Can Detroit Bankruptcy Proceed? What the Judge Must (and Might) Consider

November 8, 2013 – In The News
Christian Science Monitor

Michael Sweet was quoted in the Christian Science Monitor article "Can Detroit Bankruptcy Proceed? What the Judge Must (and Might) Consider." While the full text can be found in the November 8, 2013, issue of Christian Science Monitor, a synopsis is noted below.

After two weeks of testimony in the Detroit bankruptcy eligibility hearing, it is now up to Judge Steven Rhodes to determine whether the city can in fact seek bankruptcy protection.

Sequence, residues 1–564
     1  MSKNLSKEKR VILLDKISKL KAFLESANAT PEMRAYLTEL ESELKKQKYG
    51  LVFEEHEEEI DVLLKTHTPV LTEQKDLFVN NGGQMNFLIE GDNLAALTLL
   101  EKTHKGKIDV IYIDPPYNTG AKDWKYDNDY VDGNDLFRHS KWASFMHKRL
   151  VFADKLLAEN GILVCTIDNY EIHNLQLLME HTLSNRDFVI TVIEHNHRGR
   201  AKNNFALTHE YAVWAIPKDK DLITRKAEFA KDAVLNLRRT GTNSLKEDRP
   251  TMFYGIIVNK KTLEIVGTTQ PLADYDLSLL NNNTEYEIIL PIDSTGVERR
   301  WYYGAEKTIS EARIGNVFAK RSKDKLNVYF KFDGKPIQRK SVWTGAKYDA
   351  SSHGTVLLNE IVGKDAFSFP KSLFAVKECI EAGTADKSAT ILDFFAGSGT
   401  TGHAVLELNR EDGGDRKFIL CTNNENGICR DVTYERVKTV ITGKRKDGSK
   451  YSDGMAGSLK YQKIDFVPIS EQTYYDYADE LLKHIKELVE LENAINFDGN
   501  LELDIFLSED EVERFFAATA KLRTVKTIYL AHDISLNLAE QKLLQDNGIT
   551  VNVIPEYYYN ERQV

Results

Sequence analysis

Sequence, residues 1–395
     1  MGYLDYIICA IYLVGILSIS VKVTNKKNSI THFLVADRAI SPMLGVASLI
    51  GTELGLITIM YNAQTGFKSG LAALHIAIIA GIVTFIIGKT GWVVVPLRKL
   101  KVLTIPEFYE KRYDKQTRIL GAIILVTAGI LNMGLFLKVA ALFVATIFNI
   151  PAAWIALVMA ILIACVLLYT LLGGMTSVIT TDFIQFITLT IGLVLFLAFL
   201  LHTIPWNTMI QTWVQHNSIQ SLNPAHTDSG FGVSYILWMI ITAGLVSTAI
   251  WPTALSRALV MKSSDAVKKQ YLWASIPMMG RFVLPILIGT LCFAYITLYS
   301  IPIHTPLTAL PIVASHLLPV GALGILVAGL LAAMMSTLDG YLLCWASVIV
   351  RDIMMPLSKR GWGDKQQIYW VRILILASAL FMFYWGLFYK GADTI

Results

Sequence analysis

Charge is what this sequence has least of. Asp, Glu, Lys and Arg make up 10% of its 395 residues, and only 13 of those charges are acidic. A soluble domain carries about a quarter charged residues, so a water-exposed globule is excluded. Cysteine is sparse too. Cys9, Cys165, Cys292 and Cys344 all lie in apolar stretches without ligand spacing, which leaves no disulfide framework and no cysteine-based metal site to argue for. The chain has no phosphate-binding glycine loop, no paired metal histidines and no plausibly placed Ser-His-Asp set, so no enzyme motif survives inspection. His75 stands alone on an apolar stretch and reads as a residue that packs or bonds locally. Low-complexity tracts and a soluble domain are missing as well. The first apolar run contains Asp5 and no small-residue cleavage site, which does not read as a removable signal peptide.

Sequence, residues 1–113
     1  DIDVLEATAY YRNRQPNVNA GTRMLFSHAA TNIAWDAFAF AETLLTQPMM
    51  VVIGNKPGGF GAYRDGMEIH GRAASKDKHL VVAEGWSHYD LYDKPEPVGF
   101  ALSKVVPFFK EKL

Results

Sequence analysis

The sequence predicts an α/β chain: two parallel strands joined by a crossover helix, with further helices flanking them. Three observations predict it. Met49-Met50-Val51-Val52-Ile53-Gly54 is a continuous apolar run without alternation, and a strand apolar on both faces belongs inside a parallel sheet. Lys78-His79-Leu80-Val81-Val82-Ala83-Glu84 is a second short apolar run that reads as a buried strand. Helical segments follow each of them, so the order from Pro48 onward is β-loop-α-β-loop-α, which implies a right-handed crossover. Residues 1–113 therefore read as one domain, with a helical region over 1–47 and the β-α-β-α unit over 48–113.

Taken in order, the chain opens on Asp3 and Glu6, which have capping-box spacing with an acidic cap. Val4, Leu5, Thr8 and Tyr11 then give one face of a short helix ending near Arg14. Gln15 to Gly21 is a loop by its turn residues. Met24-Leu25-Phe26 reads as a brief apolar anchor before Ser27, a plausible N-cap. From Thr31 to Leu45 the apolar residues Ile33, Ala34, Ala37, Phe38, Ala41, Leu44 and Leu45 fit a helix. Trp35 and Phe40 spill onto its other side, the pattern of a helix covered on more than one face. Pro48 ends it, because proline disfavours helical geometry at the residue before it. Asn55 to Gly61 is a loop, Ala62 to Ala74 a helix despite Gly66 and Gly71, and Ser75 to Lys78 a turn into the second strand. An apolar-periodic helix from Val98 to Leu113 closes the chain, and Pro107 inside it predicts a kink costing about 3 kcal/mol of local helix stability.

Although creditors presented credible arguments, it is widely believed that Rhodes will rule in the city’s favor.

One reason, according to Michael Sweet, is the unprecedented nature of the case. If allowed to proceed, Detroit would be the largest city in United States history to file for bankruptcy.

“There have been so few cases like this; the law is not highly developed,” Sweet says. “At the end, there is no real robust law under the bankruptcy code in Chapter 9” for the judge to use as precedent in the case.

Sweet also suggests that it may be impossible for Judge Rhodes to ignore what would happen if Detroit is not granted bankruptcy protection.

“I think, pragmatically, the alternative of not granting the city bankruptcy protection would be more devastating than the city being in bankruptcy,” Sweet says. “He’ll weigh the [eligibility] factors, but at the end of the day … it’ll be in the back of his mind.”